Encyclopedia of Sciences and Religions

2013 Edition
| Editors: Anne L. C. Runehov, Lluis Oviedo

In Vitro Fertilization, Stem Cell Research and Ethics

Reference work entry
DOI: https://doi.org/10.1007/978-1-4020-8265-8_1069

In vitro fertilization (IVF) is a technique of assisted reproduction in which the fertilization of an egg by sperm is achieved outside the body. Couples seeking IVF treatments may be experiencing either male or female infertility, but is often utilized when the female produces normal eggs (oocytes) but the eggs cannot travel to the uterus due to damaged fallopian tubes. The technique was pioneered in the 1970s by Robert Edwards and Patrick Steptoe in England. Since then, over three million “test tube babies” have been born throughout the world using IVF techniques.

To perform IVF, one must have viable spermatozoa and healthy eggs at a precise stage of maturity – a fleeting condition for the egg that lasts only a matter of hours. To increase the odds of conception, women undergoing IVF take drugs that cause ovarian hyperstimulation, which causes the ovaries to produce larger-than-normal numbers of eggs. In normal reproduction, these eggs would travel through the fallopian tubes and, if...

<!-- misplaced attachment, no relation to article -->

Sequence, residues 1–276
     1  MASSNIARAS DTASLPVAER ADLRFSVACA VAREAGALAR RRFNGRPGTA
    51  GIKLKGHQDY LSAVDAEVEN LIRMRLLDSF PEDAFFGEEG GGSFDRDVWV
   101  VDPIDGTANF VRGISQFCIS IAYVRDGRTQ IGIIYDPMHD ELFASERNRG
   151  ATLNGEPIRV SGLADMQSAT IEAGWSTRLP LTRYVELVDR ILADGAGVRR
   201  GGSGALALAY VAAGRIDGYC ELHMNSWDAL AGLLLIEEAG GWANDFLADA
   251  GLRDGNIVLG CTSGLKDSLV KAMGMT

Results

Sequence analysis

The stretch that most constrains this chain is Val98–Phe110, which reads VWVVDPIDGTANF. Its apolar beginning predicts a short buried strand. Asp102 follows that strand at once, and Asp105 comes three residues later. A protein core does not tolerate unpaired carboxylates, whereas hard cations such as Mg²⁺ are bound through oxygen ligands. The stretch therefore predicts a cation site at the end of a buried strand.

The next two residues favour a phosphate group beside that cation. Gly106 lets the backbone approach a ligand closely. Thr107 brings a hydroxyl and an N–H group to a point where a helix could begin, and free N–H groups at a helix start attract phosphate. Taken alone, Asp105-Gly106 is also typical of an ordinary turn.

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Copyright information

© Springer Science+Business Media Dordrecht 2013

Authors and Affiliations

  1. 1.Genetics Policy InstituteWashingtonUSA